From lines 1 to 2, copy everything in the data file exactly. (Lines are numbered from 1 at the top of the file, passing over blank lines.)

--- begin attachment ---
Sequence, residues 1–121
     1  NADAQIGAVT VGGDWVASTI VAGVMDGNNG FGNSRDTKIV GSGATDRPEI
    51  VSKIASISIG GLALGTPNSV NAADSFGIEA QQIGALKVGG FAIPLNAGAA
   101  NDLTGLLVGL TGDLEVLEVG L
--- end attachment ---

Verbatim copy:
Sequence, residues 1–121
     1  NADAQIGAVT VGGDWVASTI VAGVMDGNNG FGNSRDTKIV GSGATDRPEI